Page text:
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AUD/JPY surges to near 102.00 due to hawkish RBA ahead of policy decision

  • AUD/JPY gains ground due to hawkish sentiment surrounding the RBA.
  • RBA is expected to maintain the cash rate at a 12-year high of 4.35% on Tuesday.
  • Japanese markets are closed on Monday due to a national holiday, with the potential for intervention by Japanese authorities.

AUD/JPY continues to gain ground, trading around 101.90 during the European trading hours on Monday, buoyed by a hawkish sentiment surrounding the Reserve Bank of Australia (RBA). This investor sentiment bolsters the strength of the Aussie Dollar, providing support to the AUD/JPY cross.

The Australian central bank is widely expected to maintain the cash rate at a 12-year high of 4.35% in its upcoming Tuesday meeting. However, there are anticipations that it might reintroduce a soft tightening bias, especially following last week’s inflation data, which surpassed expectations, as reported by The Australian Financial Review.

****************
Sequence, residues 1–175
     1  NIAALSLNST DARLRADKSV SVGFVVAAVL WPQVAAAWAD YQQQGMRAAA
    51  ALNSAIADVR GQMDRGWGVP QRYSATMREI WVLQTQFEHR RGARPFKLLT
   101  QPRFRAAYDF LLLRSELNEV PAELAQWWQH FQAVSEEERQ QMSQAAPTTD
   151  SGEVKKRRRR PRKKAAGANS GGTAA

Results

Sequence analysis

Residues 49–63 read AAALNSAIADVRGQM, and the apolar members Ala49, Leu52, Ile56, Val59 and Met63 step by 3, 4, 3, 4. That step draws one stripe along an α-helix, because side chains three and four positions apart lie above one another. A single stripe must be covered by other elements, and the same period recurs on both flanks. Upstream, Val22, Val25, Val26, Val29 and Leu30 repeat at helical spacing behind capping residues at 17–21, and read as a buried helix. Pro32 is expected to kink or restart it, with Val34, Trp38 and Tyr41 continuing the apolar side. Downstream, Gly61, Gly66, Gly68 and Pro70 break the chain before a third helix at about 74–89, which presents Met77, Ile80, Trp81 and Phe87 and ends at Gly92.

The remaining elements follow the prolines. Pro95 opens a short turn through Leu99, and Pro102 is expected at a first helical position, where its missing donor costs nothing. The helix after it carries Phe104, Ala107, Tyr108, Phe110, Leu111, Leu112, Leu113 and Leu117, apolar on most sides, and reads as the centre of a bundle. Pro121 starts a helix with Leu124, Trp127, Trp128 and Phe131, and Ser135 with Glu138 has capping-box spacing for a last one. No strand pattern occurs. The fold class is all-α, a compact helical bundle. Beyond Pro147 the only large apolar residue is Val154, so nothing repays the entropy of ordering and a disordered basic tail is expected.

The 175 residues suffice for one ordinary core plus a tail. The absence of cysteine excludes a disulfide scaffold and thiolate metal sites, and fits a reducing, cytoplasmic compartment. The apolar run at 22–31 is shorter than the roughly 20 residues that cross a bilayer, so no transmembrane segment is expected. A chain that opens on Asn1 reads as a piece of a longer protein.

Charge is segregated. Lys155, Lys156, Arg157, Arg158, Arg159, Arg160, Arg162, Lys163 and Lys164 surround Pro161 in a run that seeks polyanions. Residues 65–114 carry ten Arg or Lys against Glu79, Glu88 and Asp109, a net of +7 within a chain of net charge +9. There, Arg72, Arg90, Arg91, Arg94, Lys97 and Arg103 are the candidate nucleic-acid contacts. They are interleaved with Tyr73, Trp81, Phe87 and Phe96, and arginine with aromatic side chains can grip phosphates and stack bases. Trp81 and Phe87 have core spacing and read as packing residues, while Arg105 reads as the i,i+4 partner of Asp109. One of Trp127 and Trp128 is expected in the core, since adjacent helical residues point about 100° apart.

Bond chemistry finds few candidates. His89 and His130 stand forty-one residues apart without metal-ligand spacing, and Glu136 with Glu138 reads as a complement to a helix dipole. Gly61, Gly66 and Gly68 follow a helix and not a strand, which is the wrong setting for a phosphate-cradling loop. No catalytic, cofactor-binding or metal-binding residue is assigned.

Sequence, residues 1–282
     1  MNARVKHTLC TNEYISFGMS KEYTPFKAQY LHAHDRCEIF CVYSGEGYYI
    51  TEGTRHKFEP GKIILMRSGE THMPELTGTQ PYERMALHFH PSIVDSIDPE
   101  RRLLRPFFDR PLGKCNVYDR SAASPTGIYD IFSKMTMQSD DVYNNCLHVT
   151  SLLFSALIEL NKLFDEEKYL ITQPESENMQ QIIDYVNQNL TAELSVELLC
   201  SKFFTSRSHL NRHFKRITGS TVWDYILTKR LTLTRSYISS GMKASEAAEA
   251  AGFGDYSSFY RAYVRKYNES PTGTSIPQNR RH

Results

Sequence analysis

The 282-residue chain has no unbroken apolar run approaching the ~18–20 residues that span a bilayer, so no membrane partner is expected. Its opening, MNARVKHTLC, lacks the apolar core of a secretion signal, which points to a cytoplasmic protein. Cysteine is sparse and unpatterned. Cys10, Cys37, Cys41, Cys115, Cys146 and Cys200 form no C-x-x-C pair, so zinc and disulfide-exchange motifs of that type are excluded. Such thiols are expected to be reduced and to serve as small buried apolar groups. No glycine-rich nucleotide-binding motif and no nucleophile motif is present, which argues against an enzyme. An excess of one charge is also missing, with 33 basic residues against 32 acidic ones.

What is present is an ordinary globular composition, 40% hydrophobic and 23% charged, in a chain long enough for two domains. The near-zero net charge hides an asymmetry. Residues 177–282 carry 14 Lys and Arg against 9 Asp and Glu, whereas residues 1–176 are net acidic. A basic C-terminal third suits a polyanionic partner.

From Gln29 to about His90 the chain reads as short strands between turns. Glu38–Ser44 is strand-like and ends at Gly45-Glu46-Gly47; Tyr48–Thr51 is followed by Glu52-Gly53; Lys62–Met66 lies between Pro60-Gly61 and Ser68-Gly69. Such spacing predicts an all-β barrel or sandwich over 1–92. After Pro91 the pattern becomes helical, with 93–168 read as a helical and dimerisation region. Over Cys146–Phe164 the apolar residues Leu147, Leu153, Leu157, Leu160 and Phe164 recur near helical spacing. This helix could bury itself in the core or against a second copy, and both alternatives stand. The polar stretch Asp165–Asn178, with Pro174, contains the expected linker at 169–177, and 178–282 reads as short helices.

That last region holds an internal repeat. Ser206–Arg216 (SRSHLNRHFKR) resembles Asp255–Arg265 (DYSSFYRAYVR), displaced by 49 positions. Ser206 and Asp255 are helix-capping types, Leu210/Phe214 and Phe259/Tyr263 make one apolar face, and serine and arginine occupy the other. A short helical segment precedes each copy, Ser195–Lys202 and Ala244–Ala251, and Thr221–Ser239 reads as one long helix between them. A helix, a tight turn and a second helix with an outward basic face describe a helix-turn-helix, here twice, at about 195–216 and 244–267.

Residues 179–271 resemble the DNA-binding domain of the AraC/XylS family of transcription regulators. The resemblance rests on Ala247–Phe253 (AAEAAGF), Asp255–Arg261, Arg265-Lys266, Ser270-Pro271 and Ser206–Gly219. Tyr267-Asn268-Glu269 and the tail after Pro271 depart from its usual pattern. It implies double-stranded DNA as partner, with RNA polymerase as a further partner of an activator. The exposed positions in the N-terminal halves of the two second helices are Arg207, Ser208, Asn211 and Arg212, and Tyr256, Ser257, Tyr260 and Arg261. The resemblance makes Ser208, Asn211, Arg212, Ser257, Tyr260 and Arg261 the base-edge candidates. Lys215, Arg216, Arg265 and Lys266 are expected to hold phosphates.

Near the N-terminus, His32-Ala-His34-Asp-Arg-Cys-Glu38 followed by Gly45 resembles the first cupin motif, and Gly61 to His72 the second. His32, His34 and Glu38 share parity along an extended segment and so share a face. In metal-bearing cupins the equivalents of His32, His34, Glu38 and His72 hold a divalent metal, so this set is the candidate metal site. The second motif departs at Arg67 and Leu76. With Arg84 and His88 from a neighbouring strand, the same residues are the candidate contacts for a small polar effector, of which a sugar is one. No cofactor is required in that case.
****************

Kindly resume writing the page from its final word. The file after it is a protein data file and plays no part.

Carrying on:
Australia’s inflation declined in the first quarter, marking the fifth consecutive quarter of slowing, although it exceeded forecasts. Additionally, the country’s monthly CPI indicator accelerated in March, contrary to market expectations of no change.

On Monday, the Japanese market is closed due to a national holiday, with intervention risks lingering. Last week, the Japanese Yen (JPY) appreciated amidst potential government intervention by Japanese authorities. Reuters reported that data from the Bank of Japan (BoJ) indicated that Japanese authorities may have allocated approximately ¥6.0 trillion on April 29 and ¥3.66 trillion on May 1 to reinforce the JPY.

The perceived market intervention by Japanese authorities provided only temporary relief, as the underlying market fundamentals continue to weigh bearishly on the Japanese Yen. Throughout this year, the JPY has faced pressure due to the Bank of Japan maintaining ultra-low interest rates despite elevated borrowing costs abroad. Consequently, traders have been incentivized to borrow the domestic currency and invest in higher-yielding foreign currencies.


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